Freeport and the National Pastime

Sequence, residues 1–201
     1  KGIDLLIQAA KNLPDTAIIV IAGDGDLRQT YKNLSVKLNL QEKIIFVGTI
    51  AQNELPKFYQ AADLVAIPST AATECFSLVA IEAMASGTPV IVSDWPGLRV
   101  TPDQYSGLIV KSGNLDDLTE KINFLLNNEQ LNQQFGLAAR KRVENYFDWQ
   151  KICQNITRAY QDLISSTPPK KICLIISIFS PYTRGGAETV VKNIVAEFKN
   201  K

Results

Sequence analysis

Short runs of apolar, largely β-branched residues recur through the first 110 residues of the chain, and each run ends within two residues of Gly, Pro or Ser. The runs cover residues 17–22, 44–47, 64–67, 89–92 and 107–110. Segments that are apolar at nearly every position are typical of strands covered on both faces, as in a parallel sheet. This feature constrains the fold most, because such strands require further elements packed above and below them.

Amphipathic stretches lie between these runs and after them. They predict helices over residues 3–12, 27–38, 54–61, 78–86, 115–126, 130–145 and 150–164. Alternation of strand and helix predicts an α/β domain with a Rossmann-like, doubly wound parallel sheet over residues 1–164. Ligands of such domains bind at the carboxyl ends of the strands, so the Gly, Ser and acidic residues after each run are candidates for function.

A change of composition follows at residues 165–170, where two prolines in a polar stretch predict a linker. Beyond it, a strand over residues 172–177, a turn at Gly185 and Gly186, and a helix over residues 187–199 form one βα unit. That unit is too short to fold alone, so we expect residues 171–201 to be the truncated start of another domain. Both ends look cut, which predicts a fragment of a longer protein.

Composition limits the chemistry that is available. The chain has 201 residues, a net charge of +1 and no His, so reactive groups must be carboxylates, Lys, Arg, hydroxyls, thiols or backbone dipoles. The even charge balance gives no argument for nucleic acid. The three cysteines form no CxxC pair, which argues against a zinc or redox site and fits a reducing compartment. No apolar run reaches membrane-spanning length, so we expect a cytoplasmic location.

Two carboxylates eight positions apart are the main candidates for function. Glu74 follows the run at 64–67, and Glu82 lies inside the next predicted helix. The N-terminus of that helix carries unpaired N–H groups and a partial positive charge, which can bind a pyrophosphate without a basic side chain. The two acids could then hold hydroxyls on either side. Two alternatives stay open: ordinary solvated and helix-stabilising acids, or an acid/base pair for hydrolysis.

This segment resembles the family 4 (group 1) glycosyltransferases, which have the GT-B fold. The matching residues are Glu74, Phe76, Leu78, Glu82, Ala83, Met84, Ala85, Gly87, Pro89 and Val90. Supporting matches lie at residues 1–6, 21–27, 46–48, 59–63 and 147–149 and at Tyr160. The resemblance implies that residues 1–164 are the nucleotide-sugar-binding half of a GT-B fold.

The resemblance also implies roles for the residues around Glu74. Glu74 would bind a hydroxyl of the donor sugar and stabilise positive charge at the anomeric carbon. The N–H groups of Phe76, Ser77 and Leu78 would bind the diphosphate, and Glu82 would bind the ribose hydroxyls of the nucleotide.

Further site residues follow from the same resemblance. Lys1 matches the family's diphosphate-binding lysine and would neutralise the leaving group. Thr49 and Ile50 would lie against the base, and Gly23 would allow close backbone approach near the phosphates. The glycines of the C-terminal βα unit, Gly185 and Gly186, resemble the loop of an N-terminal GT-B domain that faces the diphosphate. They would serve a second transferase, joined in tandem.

Baseball has long been a popular sport in Freeport.  The town’s Centennial in 1889 featured an old-timers game, played by rules that were already out of date.  A description of the festivities in the Daily Eastern Argus reported that “the most amusing feature of the day was the old fashioned game of round ball, which was played by ‘boys’ 50 years old and upwards.  Anyone under 50 was too young to play.”  There were 12 men on each side, with four bases, “or goals as they call them.”  Runners were out when touched by the ball (usually thrown at them) and the sides changed after every out.  There were no foul balls: Peter Lane “knocked a swift foul which narrowly missed the heads of several in the crowd.  Everything goes in this game, and Mr. Lane got two bases.  Dana Dennison pounded wind for a while and was put out at second.  The game was exceedingly funny and it is to be regretted that the pressure on our columns will not allow a description in full.” By 1900, although the equipment was crude by modern standards, the game was much more recognizable as baseball as we know it today.  There is evidence about the Freeport High School team in, of all places, the guest register for 1898-1901 from the Freeport House, a hotel on Park Street.  The book contains several entries for entire visiting teams.  Some of the players included the position they played when they signed the register, and in May 1901, A. Frank Ward, second baseman for Gardner High School, even included his nickname, “Kid.” According to the Freeport High School Clarion, Freeport won that game by the lopsided score of 22-4.  The Freeport team that “Kid” Ward faced included John Wesley “Jack” Coombs, who would have to be considered the most talented baseball player to come out of Freeport.  Coombs was recruited out of Freeport High School by Colby College, which had a very good baseball team.  From there he went on to pitch in the majors for the Philadelphia Athletics, Brooklyn Dodgers and Detroit Tigers.  He held a number of major league records, and won three games in the 1910 World Series, when his Athletics defeated the Chicago Cubs.   During the regular season that year he had 31 wins against just 9 losses; since 1900, only 12 other pitchers have won 30 games in a season.  He was nicknamed “Colby Jack,” for his alma mater, which named their baseball field after him, and he coached the Duke University team for many years after he retired as a player. Freeport also had a well-established town team by this time, as evidenced by a photograph of the 1902 team in the FHS collection.  One of the big events of the year was the Fourth of July Merchants Picnic, which in 1917 featured a double-header against arch-rival Yarmouth at the True Farm at Flying Point.  It was common practice for teams to import “ringers” for such big games, and that day, as the story goes, for $100 plus train fare, Yarmouth brought in a young left-handed pitcher from the Boston Red Sox.  Danny Snow, leading off for Freeport, sent a home run into Casco Bay.  The major leaguer bore down, and allowed no more runs in that game, but that was all Freeport needed, as they shut out Yarmouth and won 1-0.  The “Yarmouth” pitcher apparently ate more than his share of lobster at the mid-day break, and Freeport won the second game as well, 6-4.   The pitcher for Yarmouth that day turned out to be none other than Babe Ruth! This was by no means Ruth’s only experience with Freeport.  An avid outdoorsman, he often visited L.L. Bean’s on his way north, and became friends with LL.  He was returning home from a hunting trip on Thanksgiving Day, 1933, when he stopped in at the LL Bean factory with his wife to make a few purchases.  According to an article in the Brunswick Record, “The youngsters of the town swamped him, and for all he had a smile, and for some a pat on the head, and for a few he wrote his name on a bit of paper.”  But two, Thomas Randall and Norman Kilby, Jr., had baseballs, which he signed “and as far as is known they are the only Freeport youngsters to enjoy such distinction.” Thanks to L.L. Bean, another famous major leaguer, Ted Williams, who was an avid fisherman, was also a frequent visitor to Freeport.  Ken Brown, who played on the Freeport town team in the 1940s and ‘50s, still treasures a photograph of himself and the rest of the team with the “Splendid Splinter.”  And the Freeport team from that era was a strong one.  A scrapbook in the FHS collection contains clippings about the 1949 team, which won the Casco Bay League post season playoffs after finishing second to the Gray Tigers in the regular season. Organized sports, and especially baseball, keep track of records and statistics with an ever-increasing thoroughness and complexity.  While the accomplishments of major league teams and players are well-documented, the same cannot be said of the countless local town teams, many of which are on the verge of fading from memory completely.  We had to rely on fragments gleaned from newspaper clippings and eye-witness accounts to piece together this story.  The 2010 summer exhibit at FHS will focus in part on baseball in Freeport, and we hope that it will jog a few memories, and perhaps motivate people to dig through their attics for artifacts and information about this entertaining piece of our past. CLARIFICATION:In the Spring 2010 newsletter, our front page story, entitled Freeport and the National Pastime, contained a statement regarding Jack Coombs, which left out part of the story. Thank you to John D. Davis for offering this important clarification. We apologize for leaving the wrong impression .